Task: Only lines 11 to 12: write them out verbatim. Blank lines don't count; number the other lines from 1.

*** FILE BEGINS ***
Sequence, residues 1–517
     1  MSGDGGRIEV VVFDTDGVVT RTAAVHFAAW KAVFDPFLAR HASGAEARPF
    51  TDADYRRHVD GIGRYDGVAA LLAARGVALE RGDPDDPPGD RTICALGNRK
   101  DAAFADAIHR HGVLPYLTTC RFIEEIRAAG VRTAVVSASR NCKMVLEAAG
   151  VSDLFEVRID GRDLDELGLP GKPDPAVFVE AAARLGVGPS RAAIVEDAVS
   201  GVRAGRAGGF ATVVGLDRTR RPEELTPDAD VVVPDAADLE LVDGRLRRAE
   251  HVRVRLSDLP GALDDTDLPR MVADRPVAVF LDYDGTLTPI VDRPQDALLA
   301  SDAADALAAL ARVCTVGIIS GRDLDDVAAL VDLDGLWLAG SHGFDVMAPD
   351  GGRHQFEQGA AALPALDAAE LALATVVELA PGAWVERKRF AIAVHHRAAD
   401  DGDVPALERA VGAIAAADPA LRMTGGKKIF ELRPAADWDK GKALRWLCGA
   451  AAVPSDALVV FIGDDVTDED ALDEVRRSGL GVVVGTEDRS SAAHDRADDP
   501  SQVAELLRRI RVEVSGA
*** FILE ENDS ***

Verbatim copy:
   451  AAVPSDALVV FIGDDVTDED ALDEVRRSGL GVVVGTEDRS SAAHDRADDP
   501  SQVAELLRRI RVEVSGA